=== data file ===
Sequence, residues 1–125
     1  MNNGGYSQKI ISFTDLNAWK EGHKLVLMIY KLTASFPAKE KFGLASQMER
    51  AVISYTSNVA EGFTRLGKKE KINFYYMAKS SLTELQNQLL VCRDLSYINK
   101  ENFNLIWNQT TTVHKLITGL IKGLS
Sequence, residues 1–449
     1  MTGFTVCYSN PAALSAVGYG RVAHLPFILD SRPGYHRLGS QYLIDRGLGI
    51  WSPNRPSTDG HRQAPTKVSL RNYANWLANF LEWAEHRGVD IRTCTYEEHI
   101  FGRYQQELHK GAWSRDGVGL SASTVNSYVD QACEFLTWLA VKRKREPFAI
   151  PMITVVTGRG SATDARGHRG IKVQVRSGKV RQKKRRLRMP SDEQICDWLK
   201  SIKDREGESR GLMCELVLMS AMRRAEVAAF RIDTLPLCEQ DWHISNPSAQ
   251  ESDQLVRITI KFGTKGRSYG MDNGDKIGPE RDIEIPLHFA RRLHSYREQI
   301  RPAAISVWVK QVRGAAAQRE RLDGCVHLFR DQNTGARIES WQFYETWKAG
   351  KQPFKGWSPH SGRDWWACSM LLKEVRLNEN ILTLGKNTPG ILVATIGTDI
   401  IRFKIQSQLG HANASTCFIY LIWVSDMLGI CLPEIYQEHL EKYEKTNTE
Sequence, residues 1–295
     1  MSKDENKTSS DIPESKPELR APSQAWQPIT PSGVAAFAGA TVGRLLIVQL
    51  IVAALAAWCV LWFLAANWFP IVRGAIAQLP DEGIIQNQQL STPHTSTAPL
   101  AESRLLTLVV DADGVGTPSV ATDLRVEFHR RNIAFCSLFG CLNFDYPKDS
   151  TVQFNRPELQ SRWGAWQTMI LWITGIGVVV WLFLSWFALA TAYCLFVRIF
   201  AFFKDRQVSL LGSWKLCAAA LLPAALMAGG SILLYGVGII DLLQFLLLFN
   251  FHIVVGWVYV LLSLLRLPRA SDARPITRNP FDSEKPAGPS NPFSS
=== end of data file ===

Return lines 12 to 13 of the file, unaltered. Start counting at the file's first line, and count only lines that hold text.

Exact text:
   301  RPAAISVWVK QVRGAAAQRE RLDGCVHLFR DQNTGARIES WQFYETWKAG
   351  KQPFKGWSPH SGRDWWACSM LLKEVRLNEN ILTLGKNTPG ILVATIGTDI